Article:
Nearly broken by a suicide attempt and a spate of personal losses, 17-year-old Charlotte “Charlie” Davis finds solace in the broken shards of a mason jar and, later, through art, in debut author Glasgow’s visceral novel of self-harm. On the streets of the Twin Cities after her father died and her mother simply stopped caring, Charlie “cut all her words out heart was too full of them.” Bandaged and silent, she ends up in a psych unit for self-harmers. Although Charlie sees herself in the other girls, it’s her friend Ellis she craves the most. But the Ellis she knew is gone, stuck in the limbo of cutting deep enough to cause significant blood loss but not enough to die. When Charlie is discharged abruptly, she leaves for Tucson, following Mikey, a boy she liked but who always loved Ellis more. Glasgow skillfully juggles multiple difficult topics (homelessness, self-harm, etc.) without dipping into melodrama. Charlie’s intimate first-person narration places readers deep within her experience while maintaining awareness of the outside world and the people in it. Ages 14–up. Agent: Julie Stevenson, Waxman Leavell Literary.

  • Kirkus

    May 15, 2016
    After surviving a suicide attempt, a fragile teen isn't sure she can endure without cutting herself.Seventeen-year-old Charlie Davis, a white girl living on the margins, thinks she has little reason to live: her father drowned himself; her bereft and abusive mother kicked her out; her best friend, Ellis, is nearly brain dead after cutting too deeply; and she's gone through unspeakable experiences living on the street. After spending time in treatment with other young women like her--who cut, burn, poke, and otherwise hurt themselves--Charlie is released and takes a bus from the Twin Cities to Tucson to be closer to Mikey, a boy she "like-likes" but who had pined for Ellis instead. But things don't go as planned in the Arizona desert, because sweet Mikey just wants to be friends. Feeling rejected, Charlie, an artist, is drawn into a destructive new relationship with her sexy older co-worker, a "semifamous" local musician who's obviously a junkie alcoholic. Through intense, diarylike chapters chronicling Charlie's journey, the author captures the brutal and heartbreaking way "girls who write their pain on their bodies" scar and mar themselves, either succumbing or surviving. Like most issue books, this is not an easy read, but it's poignant and transcendent as Charlie breaks more and more before piecing herself back together.This grittily provocative debut explores the horrors of self-harm and the healing power of artistic expression. (author's note) (Fiction. 14 & up)

    COPYRIGHT(2016) Kirkus Reviews, ALL RIGHTS RESERVED.

  • School Library Journal

    June 1, 2016

    Gr 10 Up-The story begins with 17-year-old Charlie in a mental health facility that specializes in the treatment of girls who have self-injury disorders. When Charlie is released prematurely because of a lack of insurance coverage, she must find her own way in a world she is unprepared to deal with. Readers follow her as she struggles to meet the challenges of survival and as she follows the path of least resistance. As her story unfolds, teens will discover that a lot of horrible things have happened to Charlie, including losing her best friend, father, and mother-all in different ways. She is a cutter, but she's also a lot of other things, too: artist, survivor, scammer, and waif. She's in such a deep, dark place, and it seems impossible she'll ever get out of it. This realistic fiction title is heartbreaking and thick with emotion, and the characters are fully formed and realistic. The book is written in short chapters and can feel a little choppy at times, but the narrative still captivates. It will keep young adults engaged and rooting for the main character throughout. VERDICT Purchase for avid fans of Jennifer Niven's All the Bright Places or Susanna Kaysen's Girl Interrupted.-Danielle Fabrizio, Swanton Public Library, VT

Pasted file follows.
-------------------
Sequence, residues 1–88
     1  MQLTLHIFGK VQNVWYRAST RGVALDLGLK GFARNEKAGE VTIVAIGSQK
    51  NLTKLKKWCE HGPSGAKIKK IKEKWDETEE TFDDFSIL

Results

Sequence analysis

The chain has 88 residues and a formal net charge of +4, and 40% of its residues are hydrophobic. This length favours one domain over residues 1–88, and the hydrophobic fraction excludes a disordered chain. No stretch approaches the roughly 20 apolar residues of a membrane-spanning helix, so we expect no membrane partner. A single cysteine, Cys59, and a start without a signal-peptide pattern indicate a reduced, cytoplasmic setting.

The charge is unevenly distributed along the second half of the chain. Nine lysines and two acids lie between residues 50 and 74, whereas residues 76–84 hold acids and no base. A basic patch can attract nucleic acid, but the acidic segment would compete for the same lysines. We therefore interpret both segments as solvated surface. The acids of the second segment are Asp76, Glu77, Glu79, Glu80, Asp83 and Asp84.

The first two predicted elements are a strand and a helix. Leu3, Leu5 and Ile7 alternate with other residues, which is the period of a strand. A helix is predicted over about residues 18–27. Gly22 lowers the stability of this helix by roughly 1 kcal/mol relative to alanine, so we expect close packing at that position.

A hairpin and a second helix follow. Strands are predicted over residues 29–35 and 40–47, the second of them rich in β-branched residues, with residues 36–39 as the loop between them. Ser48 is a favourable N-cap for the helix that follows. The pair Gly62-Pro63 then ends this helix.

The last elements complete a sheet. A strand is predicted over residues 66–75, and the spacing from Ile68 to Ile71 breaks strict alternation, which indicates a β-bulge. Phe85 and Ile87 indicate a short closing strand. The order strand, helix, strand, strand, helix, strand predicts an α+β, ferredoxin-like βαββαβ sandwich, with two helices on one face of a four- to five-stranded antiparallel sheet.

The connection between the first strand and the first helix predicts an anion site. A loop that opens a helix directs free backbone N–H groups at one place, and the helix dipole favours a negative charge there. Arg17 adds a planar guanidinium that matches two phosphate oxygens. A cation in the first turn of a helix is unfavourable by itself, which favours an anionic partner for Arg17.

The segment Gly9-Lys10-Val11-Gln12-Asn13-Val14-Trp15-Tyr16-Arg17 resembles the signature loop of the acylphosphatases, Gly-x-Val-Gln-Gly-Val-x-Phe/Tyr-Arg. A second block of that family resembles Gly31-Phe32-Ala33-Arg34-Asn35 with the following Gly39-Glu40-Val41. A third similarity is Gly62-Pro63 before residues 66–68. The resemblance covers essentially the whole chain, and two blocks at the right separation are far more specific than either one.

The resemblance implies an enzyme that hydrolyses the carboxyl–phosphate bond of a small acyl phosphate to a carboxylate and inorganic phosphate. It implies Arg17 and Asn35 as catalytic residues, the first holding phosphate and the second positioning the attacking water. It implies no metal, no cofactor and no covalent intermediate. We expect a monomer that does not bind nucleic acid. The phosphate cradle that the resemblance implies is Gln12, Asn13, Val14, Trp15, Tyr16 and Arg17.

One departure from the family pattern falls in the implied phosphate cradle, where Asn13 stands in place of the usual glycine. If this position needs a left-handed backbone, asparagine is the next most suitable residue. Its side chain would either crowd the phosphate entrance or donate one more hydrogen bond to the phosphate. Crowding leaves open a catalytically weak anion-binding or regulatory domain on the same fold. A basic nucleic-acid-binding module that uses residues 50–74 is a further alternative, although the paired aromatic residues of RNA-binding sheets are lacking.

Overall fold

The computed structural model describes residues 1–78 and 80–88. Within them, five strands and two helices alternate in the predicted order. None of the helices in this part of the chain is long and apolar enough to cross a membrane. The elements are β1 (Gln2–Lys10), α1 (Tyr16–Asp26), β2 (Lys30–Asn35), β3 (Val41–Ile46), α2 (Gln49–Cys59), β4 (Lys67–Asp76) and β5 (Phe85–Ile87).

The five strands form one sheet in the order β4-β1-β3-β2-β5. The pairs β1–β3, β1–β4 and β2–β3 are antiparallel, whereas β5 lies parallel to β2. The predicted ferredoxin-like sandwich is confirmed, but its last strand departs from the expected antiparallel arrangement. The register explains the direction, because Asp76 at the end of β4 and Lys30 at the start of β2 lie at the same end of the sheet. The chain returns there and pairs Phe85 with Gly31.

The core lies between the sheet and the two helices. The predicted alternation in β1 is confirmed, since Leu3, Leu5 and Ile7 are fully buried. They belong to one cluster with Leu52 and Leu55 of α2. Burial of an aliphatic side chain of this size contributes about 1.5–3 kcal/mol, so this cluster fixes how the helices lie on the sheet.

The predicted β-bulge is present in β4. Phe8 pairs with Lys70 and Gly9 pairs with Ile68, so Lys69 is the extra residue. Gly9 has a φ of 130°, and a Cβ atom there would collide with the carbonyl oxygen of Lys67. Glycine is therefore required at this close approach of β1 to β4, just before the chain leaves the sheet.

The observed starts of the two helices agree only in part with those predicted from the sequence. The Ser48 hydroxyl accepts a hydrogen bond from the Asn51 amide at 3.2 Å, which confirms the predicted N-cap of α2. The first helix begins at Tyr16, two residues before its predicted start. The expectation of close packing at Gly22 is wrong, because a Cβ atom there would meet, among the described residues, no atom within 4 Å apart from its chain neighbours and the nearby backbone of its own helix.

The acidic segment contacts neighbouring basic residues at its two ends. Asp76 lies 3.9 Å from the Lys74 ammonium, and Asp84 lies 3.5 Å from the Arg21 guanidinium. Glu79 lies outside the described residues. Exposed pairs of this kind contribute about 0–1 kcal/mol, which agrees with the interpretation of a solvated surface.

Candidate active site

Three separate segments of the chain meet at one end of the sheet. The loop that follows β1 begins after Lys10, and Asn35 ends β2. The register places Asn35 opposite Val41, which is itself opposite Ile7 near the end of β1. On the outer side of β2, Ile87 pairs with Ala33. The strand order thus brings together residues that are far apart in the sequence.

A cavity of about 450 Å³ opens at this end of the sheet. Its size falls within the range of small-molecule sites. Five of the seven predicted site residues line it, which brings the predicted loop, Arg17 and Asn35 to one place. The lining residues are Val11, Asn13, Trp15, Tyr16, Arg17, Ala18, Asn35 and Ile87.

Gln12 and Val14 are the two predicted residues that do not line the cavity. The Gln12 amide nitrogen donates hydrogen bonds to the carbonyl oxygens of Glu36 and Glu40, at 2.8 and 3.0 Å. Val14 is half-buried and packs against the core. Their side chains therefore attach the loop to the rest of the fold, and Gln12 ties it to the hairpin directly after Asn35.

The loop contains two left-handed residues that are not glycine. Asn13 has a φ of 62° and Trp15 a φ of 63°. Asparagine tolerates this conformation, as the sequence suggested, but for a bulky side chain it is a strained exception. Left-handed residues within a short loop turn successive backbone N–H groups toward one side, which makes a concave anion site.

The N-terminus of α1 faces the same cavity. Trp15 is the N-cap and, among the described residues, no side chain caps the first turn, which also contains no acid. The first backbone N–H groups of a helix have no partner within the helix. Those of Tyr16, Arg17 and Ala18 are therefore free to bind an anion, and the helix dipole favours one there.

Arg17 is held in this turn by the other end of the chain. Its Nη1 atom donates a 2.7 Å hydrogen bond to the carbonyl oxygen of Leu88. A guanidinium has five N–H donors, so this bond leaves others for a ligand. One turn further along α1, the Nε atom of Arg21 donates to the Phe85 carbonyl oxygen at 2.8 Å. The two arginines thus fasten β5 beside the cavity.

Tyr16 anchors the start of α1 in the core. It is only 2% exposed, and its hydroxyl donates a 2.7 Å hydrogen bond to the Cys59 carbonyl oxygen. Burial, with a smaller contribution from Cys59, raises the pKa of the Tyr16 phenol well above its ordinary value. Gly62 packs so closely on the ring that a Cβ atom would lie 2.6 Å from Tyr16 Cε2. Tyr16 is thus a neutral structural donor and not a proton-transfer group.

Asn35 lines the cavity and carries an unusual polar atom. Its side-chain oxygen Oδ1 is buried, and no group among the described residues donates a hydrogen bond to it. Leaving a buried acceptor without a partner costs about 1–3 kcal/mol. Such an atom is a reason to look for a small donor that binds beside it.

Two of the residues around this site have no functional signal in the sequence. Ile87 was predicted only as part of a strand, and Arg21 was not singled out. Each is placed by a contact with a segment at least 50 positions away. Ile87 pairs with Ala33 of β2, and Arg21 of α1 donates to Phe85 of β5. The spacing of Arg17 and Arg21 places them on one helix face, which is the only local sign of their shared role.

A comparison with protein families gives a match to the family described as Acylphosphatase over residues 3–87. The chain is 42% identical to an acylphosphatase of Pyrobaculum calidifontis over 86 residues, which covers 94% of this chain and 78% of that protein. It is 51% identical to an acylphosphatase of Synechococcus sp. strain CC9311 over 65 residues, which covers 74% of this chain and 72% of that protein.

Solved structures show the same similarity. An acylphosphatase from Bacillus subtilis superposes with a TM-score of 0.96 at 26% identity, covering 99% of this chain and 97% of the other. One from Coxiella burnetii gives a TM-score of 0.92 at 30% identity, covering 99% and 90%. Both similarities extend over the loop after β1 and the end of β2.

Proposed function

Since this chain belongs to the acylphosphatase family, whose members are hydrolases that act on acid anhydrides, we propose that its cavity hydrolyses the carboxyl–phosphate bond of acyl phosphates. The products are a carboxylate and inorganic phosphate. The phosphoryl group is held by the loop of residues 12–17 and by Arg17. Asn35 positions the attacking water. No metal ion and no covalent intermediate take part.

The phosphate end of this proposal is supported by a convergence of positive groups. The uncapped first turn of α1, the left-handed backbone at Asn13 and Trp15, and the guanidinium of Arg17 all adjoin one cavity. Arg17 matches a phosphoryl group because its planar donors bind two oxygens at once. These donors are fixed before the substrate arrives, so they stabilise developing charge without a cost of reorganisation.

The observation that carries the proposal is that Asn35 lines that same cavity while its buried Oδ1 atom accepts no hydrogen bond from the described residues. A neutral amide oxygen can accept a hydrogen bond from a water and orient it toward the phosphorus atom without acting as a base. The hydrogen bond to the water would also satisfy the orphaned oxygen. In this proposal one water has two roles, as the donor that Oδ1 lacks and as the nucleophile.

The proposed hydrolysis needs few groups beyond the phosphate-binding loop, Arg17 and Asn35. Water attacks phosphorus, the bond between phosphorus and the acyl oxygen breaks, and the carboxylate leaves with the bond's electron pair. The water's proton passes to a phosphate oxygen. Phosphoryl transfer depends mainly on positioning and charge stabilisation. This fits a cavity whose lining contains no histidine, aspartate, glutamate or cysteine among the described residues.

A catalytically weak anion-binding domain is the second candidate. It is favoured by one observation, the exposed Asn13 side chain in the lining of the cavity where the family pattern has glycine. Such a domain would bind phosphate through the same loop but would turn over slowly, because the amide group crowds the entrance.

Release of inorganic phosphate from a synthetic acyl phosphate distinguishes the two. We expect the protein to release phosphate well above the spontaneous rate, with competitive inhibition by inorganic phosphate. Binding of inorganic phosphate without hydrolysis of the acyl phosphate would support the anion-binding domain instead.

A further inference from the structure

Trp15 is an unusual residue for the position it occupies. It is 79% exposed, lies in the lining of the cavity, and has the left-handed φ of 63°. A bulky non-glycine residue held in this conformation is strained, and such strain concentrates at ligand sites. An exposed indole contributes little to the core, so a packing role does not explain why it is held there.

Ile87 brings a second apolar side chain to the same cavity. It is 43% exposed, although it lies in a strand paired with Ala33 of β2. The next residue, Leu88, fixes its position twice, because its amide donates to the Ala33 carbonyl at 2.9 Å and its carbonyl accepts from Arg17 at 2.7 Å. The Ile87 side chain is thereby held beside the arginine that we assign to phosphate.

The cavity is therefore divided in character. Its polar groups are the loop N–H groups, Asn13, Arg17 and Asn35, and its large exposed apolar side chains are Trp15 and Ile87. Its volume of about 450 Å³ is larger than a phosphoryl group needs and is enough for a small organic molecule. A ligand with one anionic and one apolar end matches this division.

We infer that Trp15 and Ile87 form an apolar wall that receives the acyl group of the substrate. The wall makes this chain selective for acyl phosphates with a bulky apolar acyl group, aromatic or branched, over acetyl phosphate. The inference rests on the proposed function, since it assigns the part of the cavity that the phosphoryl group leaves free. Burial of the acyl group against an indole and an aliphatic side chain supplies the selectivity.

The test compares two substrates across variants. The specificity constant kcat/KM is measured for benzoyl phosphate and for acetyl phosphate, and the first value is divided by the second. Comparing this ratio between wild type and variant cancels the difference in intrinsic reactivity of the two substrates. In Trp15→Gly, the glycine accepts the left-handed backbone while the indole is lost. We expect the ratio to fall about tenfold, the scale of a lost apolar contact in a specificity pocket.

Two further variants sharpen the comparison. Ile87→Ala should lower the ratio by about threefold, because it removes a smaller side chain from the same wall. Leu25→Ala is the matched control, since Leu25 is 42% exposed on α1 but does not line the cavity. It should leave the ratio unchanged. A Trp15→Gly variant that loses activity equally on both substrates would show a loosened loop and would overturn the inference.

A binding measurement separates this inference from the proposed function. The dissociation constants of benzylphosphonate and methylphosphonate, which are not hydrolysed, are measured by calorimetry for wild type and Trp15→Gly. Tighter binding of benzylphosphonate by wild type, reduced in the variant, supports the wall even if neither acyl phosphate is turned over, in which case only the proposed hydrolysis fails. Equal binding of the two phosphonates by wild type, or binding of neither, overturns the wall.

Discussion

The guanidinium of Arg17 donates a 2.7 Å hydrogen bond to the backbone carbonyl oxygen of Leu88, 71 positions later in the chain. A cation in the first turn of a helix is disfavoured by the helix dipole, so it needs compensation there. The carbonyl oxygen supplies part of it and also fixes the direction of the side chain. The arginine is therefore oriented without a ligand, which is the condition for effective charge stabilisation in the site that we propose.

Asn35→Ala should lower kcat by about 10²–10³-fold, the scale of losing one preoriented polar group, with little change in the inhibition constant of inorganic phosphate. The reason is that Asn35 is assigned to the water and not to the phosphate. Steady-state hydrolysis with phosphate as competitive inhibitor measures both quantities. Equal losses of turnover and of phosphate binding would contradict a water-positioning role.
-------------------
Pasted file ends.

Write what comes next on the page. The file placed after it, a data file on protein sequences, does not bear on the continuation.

Copyright 2016 School Library Journal, LLC Used with permission.

  • DOGO Books pinkplumnut - I really want to read this book i get it is going to be scary because the cover looks scary I mean really scary the cover says girl in pieces and what I think of that is like the girl is in tiny tiny pieces scattered all over that and the words are crossed out with red that looks like blood dripping down from the words witch looks really cool but mostly scarred you read this book please tell me about.
  • Refinery29.com "Girl, Interrupted meets Speak."
  • PasteMagazine.com "A dark yet powerful read."
  • The Irish Times "Intimate and gritty."
  • Nicola Yoon, #1 New York Times bestselling author of Everything, Everything "A haunting, beautiful, and necessary book that will stay with you long after you've read the last page."
  • Kerry Kletter, author of The First Time She Drowned "Raw, visceral, and starkly beautiful, with writing that is at times transcendent in its brilliance. . . . An unforgettable story of trauma and resilience."
  • Melissa Febos, author of Whip Smart and Abandon Me "A Girl, Interrupted for a new generation....The story of the mad girl is ultimately a story about being a girl in a mad world, how it breaks us into pieces and how we glue ourselves back together."
  • Anthony Breznican, author of Brutal Youth. "Girl In Pieces is like the friend you wish you had by your side for every hard choice and every time you've felt lost or alone. It's fearless and uncompromising, but overflowing with heart and wisdom."
  • Michelle Wildgen, author of Bread and Butter and You're Not You "Dark, frank, and tender, Girl in Pieces keeps the reader electrified for its entire journey. You're so uncertain if Charlie will heal, so fully immersed in hoping she does."

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    Random House Children's Books